1917 February

Photo:Fred Tott

Fred Tott

Photo:Herbert Huggins

Herbert Huggins

Photo:Edward Holloway

Edward Holloway

Photo:Edward Holloway

Edward Holloway

Events from the pages of the Royston Crow

By Peter Greener

Lance Corporal Fred Tott was on leave visiting his mother and old friends in Ashwell. He had left for New Zealand 7 years ago and returned to with the ANZAC forces. He had been through campaigns in Egypt Gallipoli and now France for over two years without receiving as much as a scratch. When he visited his old school Mr Chote, the headmaster, persuaded him to address the boys about his experiences. This included not only a graphic description of the lighter side of a soldier’s lot but also the essentials for helping them to a successful life – cheerfulness, firmness, and loyalty.

 

Two casualties were reported from the front this month. Private Herbert Huggins had received a shrapnel injury but was now recovering. Before joining up he was a clerical worker at Page’s Brewery and captain of the football team.

Corporal Edward Holloway was a dispatch rider and while driving at 30 mph the front tyre had come off his motorcycle causing an accident in which he lost a finger but was now making a good recovery.

 

Much appreciation was coming from the boys at the Front who had been sent a Christmas parcel via the “Daily Graphic”.  Ashwell had sent out 81 and had already received over 40 letters of thanks.

                                   

In Ashwell the effect of the war was being felt closer to home with the announcement of food rationing. There was to be a weekly allowance of the basics for each person of: bread (or flour in lieu)– 4lb (under 2 kilos), meat (total, all kinds) – 2½lbs, and sugar – ¾ lb.

 

 

The deaths were announced of several local people. Mr George A Shelton, 46, who had worked as an assistant at Westrope’s Stores died suddenly. His funeral was at the ‘Particular Baptist Chapel’ which I think is now the Zoar Baptist Chapel in Gardiners Lane.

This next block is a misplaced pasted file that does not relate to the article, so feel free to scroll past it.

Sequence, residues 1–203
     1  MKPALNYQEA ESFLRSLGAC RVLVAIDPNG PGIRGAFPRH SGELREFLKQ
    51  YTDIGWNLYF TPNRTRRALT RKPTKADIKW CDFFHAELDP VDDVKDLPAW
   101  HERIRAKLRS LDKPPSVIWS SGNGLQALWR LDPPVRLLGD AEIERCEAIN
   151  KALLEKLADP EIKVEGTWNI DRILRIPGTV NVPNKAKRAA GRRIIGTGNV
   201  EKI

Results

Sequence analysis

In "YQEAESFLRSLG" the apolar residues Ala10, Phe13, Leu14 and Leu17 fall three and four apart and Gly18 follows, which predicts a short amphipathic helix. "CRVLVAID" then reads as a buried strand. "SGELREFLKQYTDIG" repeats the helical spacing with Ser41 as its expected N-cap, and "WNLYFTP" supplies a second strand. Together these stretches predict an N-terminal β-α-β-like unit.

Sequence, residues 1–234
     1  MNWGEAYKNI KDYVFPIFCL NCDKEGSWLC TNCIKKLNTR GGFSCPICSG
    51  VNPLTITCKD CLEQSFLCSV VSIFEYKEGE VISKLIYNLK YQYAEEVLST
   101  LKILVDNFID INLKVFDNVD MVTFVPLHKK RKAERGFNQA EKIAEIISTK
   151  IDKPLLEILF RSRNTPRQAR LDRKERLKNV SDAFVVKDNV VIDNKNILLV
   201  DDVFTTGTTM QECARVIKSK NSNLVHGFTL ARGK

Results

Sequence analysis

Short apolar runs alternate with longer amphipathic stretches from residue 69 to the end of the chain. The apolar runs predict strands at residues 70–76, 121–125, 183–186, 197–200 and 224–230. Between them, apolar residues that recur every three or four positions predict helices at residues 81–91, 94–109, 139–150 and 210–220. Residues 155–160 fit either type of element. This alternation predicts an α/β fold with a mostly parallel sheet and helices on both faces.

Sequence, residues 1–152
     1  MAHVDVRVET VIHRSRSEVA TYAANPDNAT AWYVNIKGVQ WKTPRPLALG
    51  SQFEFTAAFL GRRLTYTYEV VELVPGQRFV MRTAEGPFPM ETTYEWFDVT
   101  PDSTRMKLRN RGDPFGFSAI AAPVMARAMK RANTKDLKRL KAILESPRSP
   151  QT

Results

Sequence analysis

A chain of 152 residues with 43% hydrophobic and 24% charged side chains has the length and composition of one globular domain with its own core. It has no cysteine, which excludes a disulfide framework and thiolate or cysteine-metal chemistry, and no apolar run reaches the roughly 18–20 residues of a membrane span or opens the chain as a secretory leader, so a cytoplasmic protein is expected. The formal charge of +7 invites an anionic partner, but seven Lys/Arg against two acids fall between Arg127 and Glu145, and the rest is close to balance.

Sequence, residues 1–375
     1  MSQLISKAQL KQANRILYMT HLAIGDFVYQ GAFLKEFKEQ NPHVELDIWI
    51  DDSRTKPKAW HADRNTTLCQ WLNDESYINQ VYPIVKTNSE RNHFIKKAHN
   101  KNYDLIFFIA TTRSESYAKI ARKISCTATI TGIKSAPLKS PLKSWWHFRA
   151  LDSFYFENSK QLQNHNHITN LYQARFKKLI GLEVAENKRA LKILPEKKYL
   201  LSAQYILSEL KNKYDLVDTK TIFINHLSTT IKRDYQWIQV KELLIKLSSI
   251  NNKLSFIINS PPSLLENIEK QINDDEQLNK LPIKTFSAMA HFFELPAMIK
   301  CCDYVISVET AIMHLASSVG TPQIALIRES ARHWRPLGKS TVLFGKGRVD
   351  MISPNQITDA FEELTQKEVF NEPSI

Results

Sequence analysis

Mr Joseph Eversden died at the age of 80. For 50 years he had been a trustee of the Foresters benefit society.  Interestingly after a service at the Wesleyan Church he was buried in the Parish Church yard.

Mr James S Thorne a member of an old Ashwell Quaker family died at the age of 59. He had been a tailor for many years, but lately had turned to raising poultry. During his life he had been Assistant Overseer and Clerk to the Parish Council, a keen cricketer and a member of Egbert Benefit Society.

Lady Fordham, wife of Sir George Fordham of Odsey, died at the age of 47. She was best known as Ethel Weigall under which name she had published several books. The best known being ‘Mrs Trigley’s Visitors’. At a Cambridgeshire County Council meeting the members sympathised with Sir George Fordham on the death of his wife. The couple were only married in August 1914.

 

In other news in the village the Nursing Association gave their annual report which included the list of confinements attended and that they had a balance of £3.05 in the bank.

At the Parish Council meeting Mr Walter A Bray was confirmed in his post as Assistant Overseer and Clerk, Mr H W Bowman was appointed to the Board of the school and Mr N D Angell was given the right to have herbage from the Recreation Ground.

The Ashwell Congregational Church was losing its pastor Rev W Morgan who was leaving to take Holy Orders in the Church of England.

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